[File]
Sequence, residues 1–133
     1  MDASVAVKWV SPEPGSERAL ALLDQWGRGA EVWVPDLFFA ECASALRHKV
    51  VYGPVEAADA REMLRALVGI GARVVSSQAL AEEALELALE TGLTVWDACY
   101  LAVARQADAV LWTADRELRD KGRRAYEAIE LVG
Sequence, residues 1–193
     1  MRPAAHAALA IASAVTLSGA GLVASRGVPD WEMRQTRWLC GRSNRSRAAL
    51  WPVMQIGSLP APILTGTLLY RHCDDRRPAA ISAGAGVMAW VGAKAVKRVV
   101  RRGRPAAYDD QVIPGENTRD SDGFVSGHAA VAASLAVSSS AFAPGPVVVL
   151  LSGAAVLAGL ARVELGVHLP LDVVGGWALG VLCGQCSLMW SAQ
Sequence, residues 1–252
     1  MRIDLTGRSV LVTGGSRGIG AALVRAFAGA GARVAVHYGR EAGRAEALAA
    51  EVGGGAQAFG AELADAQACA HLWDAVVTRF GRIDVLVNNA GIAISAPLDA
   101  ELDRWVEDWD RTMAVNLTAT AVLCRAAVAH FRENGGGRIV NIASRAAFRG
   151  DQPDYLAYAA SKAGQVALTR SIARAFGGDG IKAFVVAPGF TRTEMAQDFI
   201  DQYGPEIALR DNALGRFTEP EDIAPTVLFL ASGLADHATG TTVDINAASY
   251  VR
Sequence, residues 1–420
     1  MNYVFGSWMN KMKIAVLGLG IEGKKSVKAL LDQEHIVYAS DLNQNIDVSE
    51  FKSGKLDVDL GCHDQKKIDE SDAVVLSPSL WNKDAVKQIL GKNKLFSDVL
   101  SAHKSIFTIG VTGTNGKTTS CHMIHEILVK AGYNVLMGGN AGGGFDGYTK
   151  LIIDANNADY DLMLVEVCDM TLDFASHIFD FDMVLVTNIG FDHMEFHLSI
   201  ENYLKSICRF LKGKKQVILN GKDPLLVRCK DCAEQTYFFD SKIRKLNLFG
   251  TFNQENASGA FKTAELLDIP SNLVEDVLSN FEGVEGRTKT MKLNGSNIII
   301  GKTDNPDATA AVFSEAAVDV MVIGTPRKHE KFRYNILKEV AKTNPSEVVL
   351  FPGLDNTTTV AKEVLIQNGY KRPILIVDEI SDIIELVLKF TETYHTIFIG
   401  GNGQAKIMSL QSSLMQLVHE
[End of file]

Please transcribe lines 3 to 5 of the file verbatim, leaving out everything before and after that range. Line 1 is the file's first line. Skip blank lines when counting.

    51  VYGPVEAADA REMLRALVGI GARVVSSQAL AEEALELALE TGLTVWDACY
   101  LAVARQADAV LWTADRELRD KGRRAYEAIE LVG
Sequence, residues 1–193